A native of Los Angeles, Rawitch joined the Dodgers’ staff in 1995 and spent parts of five seasons in the team’s marketing department before shifting to public relations. He left the organization to serve as a beat reporter for Major League Baseball Advanced Media from 2001-02, after which he returned to the Dodgers, eventually rising to the position of vice president of communications.

With decades in baseball, Rawitch is clearly passionate about the sport. It’s a longtime love, as he scored an internship with the Dodgers after his freshman year of college.

“The world was very different,” he said. “The field was not nearly as competitive. After my internship, I returned for three summers. I was hired full time the week after I graduated. I was there for 15 years.”

He left for two years, spending one year covering the Dodgers and another for the San Francisco Giants for MLB.com.

“There’s just something about this sport,” Rawitch said. “It’s intoxicating. With the daily grind of it, you have to love the sport to work in the sport. I grew up loving it as a kid.”

He almost transferred to baseball operations with the Dodgers because he’s such a student of the game. Rawitch loves the atmosphere, the game and the business of it. He enjoys creating content, social media and sharing story ideas with editors.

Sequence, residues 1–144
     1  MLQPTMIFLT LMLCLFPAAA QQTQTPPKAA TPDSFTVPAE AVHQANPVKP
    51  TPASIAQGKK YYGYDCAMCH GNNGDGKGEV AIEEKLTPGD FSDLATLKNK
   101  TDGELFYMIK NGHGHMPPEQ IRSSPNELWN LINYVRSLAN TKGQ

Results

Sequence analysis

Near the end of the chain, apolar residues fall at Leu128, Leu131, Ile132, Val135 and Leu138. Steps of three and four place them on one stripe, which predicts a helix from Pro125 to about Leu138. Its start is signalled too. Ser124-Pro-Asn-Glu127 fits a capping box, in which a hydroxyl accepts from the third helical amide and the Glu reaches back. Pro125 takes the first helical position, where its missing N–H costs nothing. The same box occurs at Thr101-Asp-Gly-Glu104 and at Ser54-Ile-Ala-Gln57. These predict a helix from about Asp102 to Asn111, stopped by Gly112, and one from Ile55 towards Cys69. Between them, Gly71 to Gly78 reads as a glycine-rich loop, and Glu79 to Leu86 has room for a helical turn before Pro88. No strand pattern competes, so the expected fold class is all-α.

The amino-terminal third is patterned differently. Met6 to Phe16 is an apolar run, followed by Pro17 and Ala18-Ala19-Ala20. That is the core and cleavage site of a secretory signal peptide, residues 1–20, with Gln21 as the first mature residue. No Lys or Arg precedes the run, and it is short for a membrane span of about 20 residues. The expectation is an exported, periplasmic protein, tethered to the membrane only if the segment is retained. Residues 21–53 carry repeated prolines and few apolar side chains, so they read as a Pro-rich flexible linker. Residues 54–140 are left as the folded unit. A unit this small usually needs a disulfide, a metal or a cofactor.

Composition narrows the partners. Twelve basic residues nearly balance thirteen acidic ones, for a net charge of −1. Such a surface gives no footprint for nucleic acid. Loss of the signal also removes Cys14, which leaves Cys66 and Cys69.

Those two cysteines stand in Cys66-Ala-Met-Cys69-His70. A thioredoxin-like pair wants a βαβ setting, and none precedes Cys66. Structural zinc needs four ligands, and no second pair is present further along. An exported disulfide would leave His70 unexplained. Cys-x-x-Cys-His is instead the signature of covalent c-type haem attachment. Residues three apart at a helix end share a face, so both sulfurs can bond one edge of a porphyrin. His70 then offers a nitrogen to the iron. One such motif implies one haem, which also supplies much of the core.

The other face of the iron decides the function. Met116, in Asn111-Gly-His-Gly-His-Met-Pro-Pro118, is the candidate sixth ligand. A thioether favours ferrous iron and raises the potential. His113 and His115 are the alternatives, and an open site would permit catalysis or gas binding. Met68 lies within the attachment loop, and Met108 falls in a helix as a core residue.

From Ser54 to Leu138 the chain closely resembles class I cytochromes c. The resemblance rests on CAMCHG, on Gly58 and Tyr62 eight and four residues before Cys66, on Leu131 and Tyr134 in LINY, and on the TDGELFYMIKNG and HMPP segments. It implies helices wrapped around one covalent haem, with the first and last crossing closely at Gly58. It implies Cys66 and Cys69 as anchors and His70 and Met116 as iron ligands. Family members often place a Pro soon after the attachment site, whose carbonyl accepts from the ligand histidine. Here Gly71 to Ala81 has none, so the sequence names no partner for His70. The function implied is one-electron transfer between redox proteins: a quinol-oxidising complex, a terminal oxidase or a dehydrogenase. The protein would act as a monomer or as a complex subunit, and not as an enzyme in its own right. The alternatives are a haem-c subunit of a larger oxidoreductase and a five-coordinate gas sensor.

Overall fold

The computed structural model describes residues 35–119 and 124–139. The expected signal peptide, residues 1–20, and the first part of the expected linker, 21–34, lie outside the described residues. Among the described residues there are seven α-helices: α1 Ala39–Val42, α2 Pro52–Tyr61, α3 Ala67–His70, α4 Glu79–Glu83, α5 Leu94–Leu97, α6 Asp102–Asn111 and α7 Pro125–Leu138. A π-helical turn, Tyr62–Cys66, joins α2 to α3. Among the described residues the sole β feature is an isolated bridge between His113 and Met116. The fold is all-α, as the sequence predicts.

“Everything about it is so much fun for me,” Rawitch said. “To get the chance to work in the mecca of the baseball world is so unreal.”

Rawitch heard about the open position from Hall of Fame Interim President Jeff Idelson.

“He thought I’d be a really good fit for this,” he said. “It’s such an interesting position. It had to be someone within the baseball community, given the relationships you had to have. There was a list of people who might be a good fit. I’m very grateful that I came out on the top.”

That’s not to say he hasn’t had a series of highlights with the D-backs.

“The 2017 Wild Card and that entire season is unmatched,” Rawitch said. “It was so much fun. That’s at the top of the list.

“Several of the trips we took to Japan, Australia, New Zealand, Mexico and the Dominican Republic were highlights. For someone who loves to travel, it was a highlight to travel while doing my job and raising the international profile of the organization.”

His coworkers, players and executives made an impact on Rawitch — and will continue.

“My wife and kids feel the same way,” Rawitch said. “Arizona is a second home for us. Living life in Arizona was so fantastic for a decade. The people, the trips and the 2017 Wild Card were the highlights. I actually watched much of that game from the stands with my family. To experience the game like a fan, even though I was working, and to see so much joy in the city was great. We’re seeing it again with the Suns and this watch party.

“All the cool community programs we’ve done really stand out. Seeing my kids wear D-backs uniforms and feel the pride is amazing. I feel very, very lucky.”

Rawitch is also impressed with the strong and dedicated fans who have stuck with the D-backs during its rough 2021 season.

“That’s a true sports town,” he said. “I think it’s because this organization is so engrained in the community. People do realize it’s more than just a baseball team on the field. It’s a civic entity trying to help fans.”